As Turkmenistan’s President Celebrates, He Faces Mounting Criticism For Being a Ruthless Dictator

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by Yacoob Cassim

Turkmenistan President Gerbanguly Berdimukhamedov has won his second term as President in a questionable election. Berdimukhamedov won 97.7 % of the vote in the gas rich nation in Central Asia. The election Commission Chairman Gulmurat Muradov had said these were preliminary elections and that election Authorities still have to count ballot papers cast in embassies abroad.

Berdimukhamedov who succeed the late eccentric dictator Saparmurat Niyazov in 2006 has introduced limited reforms but remains the dominant figure in an increasingly authoritarian regime. Although he had allowed no Government Parties to field election candidates they were only allowed to speak to voters at theatres and cultural centres but these events were not televised nor were debates held.

Berdimukhamedov has introduced limited reforms such as introducing foreign languages to the educational curriculum and reopened the village hospitals after Niyazov closed them. The fielding of opposition candidates among them included regional Governors, national law makers and heads of companies. The elections have been criticized by International Rights Groups as being tightly controlled. However observers from the regional organization the Common Wealth of Independent States have praised the election process as being free and well- organized.

In Turkmenistan the regime has secured support amongst the country’s 5 million people through a combination of authoritarianism and generous Welfare subsidies. This would include free household gas and salt. So while Berdimukhamedov’s style of leadership remains somewhat driven by a personality cult like his predecessor and he relies on maintaining a police state to silence his actual opponents the country remains deeply divided.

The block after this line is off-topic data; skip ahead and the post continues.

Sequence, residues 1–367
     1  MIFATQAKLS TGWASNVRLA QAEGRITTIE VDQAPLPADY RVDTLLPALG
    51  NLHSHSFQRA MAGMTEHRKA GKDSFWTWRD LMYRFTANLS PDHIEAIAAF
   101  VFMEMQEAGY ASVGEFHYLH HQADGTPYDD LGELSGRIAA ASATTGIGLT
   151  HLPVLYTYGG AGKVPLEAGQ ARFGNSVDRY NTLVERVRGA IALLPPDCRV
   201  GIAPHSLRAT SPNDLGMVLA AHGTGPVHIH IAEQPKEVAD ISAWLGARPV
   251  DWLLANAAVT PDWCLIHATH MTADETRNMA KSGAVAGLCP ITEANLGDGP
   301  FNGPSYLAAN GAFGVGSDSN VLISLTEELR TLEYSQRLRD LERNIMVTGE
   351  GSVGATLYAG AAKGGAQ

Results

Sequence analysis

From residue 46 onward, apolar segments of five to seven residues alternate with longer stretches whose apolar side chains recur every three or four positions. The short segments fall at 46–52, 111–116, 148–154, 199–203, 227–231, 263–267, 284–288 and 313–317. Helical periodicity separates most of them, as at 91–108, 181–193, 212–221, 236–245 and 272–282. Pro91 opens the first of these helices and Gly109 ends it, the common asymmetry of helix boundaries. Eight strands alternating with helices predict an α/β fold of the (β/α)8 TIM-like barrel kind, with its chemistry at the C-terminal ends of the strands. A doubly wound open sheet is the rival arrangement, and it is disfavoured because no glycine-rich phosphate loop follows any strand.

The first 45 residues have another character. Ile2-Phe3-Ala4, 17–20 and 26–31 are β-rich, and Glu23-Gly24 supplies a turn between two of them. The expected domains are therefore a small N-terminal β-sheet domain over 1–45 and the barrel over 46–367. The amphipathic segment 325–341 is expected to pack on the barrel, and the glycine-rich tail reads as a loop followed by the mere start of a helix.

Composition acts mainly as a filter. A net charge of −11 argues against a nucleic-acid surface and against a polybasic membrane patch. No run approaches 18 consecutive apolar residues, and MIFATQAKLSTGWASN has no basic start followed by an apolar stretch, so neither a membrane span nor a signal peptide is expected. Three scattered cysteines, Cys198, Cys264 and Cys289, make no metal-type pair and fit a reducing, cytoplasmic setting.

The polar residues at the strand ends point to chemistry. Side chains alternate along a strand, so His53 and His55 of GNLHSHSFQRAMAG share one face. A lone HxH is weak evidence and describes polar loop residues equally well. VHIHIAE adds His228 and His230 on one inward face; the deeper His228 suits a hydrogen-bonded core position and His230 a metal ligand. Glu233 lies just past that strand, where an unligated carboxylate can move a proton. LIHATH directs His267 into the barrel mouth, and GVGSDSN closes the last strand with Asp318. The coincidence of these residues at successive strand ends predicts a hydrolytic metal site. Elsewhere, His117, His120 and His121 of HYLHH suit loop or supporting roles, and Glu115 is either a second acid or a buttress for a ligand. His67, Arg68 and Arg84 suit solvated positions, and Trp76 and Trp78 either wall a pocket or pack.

Turkmenistan relies heavily on supplying natural gas to Western Nations such as those in the European Union. This has been about being able to introduce a new seven year term for the Presidency and doing away with term limits and effectively abolishing the age of 70 as around the time the President should retire.  This is all intended to make sure that Berdimukhamedov remains President for life.

Unlike what happened in Egypt, Tunisia, Libya and Yemen in 2011 I don’t see much hope for change in this former Soviet republic. The Status quo is likely to remain the same with statues made of gold and Marble and some even being gold plated being erected in Ashgabat. Both Niyazov and Berdimukhamedov spared no expense in erecting such monuments to their egos. This is likely to remain the situation for decades to come.


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